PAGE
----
Where there is a temporary slip hazard, such as a spill that needs to be mopped up or an area of floor or ground under construction, cordon off the area with bright barricade tape or post cones or floor stands in strategic positions around the area. In regions of the workplace where there is a more general or long-term risk, be sure to post prominent signage to warn employees of the danger.

Be Consistent With Maintenance

It is helpful to establish a routine for speedily detecting and cleaning up any spills or leaks that occur in order to prevent consequential slips and falls. This is especially critical in workplaces that truck in a lot of liquid around. Do not attempt to clean up oil-based spills with water, since that will only widen the slippery area. Stay stocked with necessary spill containment equipment such as mops, sponges and absorbent pads.

Slips off of scaffolds and ladders can pose an even higher risk of injury than slips on the floor. Regularly inspects scaffolds and ladders to ensure that they are sturdy and safe. Inspection tags can help by marking the date of the last inspection, the name of the employee who conducted it and the date when the next inspection is due. As the latter date approaches, keep an eye peeled for any signs of wear and proceed with due caution.

After you have performed the recommended alterations to your workplace, keep preventing falls and slips by conducting regular inspections to ensure that the facility has maintained the new safety levels you have achieved.

5 Confined Space Safety Risks and How to Avoid Them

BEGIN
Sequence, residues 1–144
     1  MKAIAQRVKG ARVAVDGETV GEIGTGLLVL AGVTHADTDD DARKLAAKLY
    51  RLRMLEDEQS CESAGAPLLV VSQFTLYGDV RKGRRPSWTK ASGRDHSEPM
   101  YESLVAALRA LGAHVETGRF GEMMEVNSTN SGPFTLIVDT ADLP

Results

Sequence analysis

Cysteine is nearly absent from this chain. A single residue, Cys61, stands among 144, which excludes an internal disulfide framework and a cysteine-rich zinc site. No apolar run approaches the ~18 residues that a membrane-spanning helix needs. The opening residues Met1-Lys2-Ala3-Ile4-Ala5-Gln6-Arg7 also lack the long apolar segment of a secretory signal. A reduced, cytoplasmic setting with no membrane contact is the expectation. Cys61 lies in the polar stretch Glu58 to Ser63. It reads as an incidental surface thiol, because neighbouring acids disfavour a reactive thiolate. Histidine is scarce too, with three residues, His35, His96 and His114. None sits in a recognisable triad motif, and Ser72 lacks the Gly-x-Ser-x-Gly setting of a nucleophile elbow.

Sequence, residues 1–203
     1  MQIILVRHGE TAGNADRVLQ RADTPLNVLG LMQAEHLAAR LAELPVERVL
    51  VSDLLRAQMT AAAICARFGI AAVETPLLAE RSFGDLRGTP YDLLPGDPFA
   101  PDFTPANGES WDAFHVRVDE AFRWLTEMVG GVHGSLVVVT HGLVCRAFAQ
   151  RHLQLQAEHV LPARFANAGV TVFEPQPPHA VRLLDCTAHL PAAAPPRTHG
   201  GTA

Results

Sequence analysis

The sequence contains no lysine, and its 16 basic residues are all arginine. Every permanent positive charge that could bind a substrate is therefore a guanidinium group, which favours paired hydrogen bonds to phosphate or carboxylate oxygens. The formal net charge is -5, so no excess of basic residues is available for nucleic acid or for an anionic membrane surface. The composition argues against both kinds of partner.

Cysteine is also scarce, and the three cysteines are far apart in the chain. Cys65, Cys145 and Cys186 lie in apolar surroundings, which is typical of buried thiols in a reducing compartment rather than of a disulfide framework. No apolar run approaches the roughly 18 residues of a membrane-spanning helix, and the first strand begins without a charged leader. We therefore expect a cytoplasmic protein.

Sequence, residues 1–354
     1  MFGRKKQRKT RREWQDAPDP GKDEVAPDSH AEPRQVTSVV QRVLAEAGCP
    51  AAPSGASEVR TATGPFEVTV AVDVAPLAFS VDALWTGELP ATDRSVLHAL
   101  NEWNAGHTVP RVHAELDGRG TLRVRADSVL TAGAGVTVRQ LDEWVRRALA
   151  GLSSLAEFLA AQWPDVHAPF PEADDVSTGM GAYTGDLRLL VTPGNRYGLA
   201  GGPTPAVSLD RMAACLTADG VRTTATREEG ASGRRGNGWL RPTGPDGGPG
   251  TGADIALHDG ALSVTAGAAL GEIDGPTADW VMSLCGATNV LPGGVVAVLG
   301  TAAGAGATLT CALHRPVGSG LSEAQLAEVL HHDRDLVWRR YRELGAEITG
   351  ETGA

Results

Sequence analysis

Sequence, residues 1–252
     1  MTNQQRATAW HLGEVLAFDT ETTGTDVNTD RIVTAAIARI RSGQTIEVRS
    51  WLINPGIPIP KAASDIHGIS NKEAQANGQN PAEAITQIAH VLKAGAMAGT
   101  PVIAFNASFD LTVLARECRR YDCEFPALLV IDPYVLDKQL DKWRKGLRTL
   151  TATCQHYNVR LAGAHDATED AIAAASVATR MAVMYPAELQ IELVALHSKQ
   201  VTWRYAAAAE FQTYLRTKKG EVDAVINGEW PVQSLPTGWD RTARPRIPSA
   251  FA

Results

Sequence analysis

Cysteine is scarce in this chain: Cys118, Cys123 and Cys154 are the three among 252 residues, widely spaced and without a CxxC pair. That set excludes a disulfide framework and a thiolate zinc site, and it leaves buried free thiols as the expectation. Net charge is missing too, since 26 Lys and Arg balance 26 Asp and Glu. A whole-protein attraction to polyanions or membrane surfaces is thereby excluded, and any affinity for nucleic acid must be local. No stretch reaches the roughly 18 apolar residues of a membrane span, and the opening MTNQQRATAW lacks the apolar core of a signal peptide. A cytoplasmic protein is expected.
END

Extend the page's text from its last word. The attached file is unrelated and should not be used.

While the dangerous nature of confined spaces may not be as readily apparent as that of other kinds of workplace safety risks, tightly enclosed areas can, in fact, be fatal. One may encounter confined spaces in virtually any workplace or occupation. Larger industrial or agricultural worksites are particularly likely to contain confined spaces. And unlike other workplace risks that can be mitigated with personal protective equipment like work gloves or safety glasses, this danger requires an entire set of external gear. According to the Occupational Safety & Health Administration (OSHA), a space is “confined” if its configuration hinders the activities of employees who must enter, work in, and exit it. For instance, if employees must squeeze in an out or perform their tasks while cramped or contorted, certain risks may arise. The elements of confinement, limited access and restricted airflow, can result in hazardous conditions that would not occur in an open workspace. Identification of confined spaces, application of confined space equipment and recognition of the danger these areas pose is the first and most important step to preventing injuries and fatalities. The following are five of the most common and hazardous confined space safety risks.

1-Oxygen Deficiency

Asphyxiation is the leading cause of death in confined spaces, and a lack of oxygen within the space is the most common cause of confined-space asphyxiation. There is simply less oxygen available within any given confined space than in an open space, and hazards from this oxygen deficiency can occur when there are too many workers in the limited area at once or when a worker has been in the space for too long. Some confined spaces are so naturally oxygen-deficient that workers should not be in them for more than a few minutes at a time otherwise they risk serious safety issues. The proper ventilation products, like confined space blowers, should always be used in such environments.

2-Toxicity

The air in a confined space is sometimes be toxic, containing chemicals or fumes that may lead to deleterious health effects in the long or the short term. Alongside oxygen deficiency, a toxic atmosphere is the leading cause of asphyxiation in confined spaces. Hazardous vapors which might safely dissipate in open air may accumulate in a confined space, creating a harmful, high-risk atmosphere.